Transforming Places Together: digital strategy for planning

This strategy defines a long-term strategic direction for how Scotland’s planning system will digitally transform, embracing the opportunities new digital technologies and data present. It sets out what we intend to deliver, why this is needed and the benefits this transformation will bring.


Artificial Intelligence (AI)

The branch of computer science dealing with the simulation of intelligent behaviour in computers.

Application Programming Interface (API)

A defined method of sending instructions between one software platform and another.

Augmented Reality (AR)

Augmented reality is the real time integration of digital information with a user’s environment.

Big Data

Big Data describes extremely large data sets that may be analysed computationally to reveal patterns, trends, and associations.

Building Information Model (BIM)

A 3D model-based process that gives architecture, engineering, and construction professionals the insight and tools to more efficiently plan, design, construct, and manage buildings and infrastructure.


A capability is the ability to perform or achieve certain actions or outcomes. Capabilities can be technical or business focused. A capability within this strategy describes a component part of delivering a service e.g. making payment, being notified of that status of an application.


Networked computing facilities providing remote data storage and processing services via the internet.


The Convention of Scottish Local Authorities (COSLA) is the national association of Scottish councils and acts as an employers’ association for its 32 member authorities.

Digital Ecosystem

An approach that promotes the creation and re-use of common digital assets, capabilities and services across the Scottish public sector, enabling a change in focus in public service from organisational silos to the needs of citizens and the capabilities required to fulfil those needs.

Digital twin technology

A digital twin is a digital replica of a living or non-living physical entity. Digital twin refers to a digital replica of potential and actual physical assets, processes, people, places, systems and devices that can be used for various purposes

Distributed ledger technology (DLT)

A database that is consensually shared and synchronized across multiple sites, institutions or geographies. There is no central administrator or centralized data storage.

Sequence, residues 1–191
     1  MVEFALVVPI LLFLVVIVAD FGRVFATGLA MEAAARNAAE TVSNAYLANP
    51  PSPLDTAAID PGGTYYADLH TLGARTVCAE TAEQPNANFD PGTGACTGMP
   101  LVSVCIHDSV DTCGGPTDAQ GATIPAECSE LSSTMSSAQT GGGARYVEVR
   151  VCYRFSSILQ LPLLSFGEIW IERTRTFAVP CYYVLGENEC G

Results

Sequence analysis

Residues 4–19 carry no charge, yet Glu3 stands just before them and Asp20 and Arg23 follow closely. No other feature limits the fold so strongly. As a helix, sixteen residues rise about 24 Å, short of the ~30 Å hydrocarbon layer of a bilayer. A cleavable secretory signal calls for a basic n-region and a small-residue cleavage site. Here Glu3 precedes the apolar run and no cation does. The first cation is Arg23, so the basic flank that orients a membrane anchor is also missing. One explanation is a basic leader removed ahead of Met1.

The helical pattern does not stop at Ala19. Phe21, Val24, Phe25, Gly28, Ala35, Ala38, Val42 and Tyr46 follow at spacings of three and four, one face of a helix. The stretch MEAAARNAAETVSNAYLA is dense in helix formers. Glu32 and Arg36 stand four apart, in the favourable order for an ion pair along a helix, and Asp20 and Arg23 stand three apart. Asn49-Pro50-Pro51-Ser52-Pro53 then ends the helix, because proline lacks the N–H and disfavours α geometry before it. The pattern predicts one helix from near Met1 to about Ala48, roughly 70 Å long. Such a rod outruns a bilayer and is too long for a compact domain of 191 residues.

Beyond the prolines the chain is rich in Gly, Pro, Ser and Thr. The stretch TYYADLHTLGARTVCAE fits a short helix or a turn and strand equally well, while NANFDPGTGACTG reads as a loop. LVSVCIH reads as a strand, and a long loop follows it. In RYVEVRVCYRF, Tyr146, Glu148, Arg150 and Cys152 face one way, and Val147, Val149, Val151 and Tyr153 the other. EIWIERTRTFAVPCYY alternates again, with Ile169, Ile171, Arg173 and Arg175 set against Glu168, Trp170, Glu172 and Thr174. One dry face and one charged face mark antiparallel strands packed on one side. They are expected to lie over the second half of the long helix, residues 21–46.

Hybrid approach

The integration of new technology developed as part of the digital transformation programme with existing planning technology.


Infrastructure Investment Plan.

Image Recognition

A process to identify and detect an object or attribute in a digital video or image.

Internet of Things (IoT)

The network of physical objects – “things” – that are embedded with technology for the purpose of connecting and exchanging data with other devices and systems over the Internet.


A Local Development Plan sets out a local authority’s policies and proposals for land use in their area.

Loosely-coupled architecture

Loosely coupled architecture is an architectural approach to interconnecting the components in a system or network so that those components depend on each other to the least extent practicable.

Machine Learning

Machine learning (ML) is the study of computer algorithms that improve automatically through experience.


Modular components are items that work together to form a single functioning item or system.


The National Planning Framework 4 is a long-term spatial plan for Scotland that sets out where development and infrastructure is needed to support sustainable and inclusive growth.

Open Data

Data that anyone can access, use and share. Adopting clear data and interoperability standards will facilitate access and sharing.


Programme for Government.


PlanMaker describes the collective set of technologies used in the creation of Local Development Plans.


Refers to specific technologies used to assist in planning. The PlanTech sector is relatively small but growing.


A platform in computing is the stage on which computer programs can run.

Predictive Urban Models

Functions and processes which generate predictions for urban spatial structure in terms of land use, population, employment and transportation, usually embodied in computer programs.


Regional Spatial Strategy.


The Royal Town Planning Institute. RTPI champions the power of planning in creating prosperous places and vibrant communities.


Scottish Environment Protection Agency.

Smart Applications

By smart applications, we mean applications that are based on data, not documents. A smart application will be both machine readable/interpretable and able to use multiple sources of data to make and process the application.



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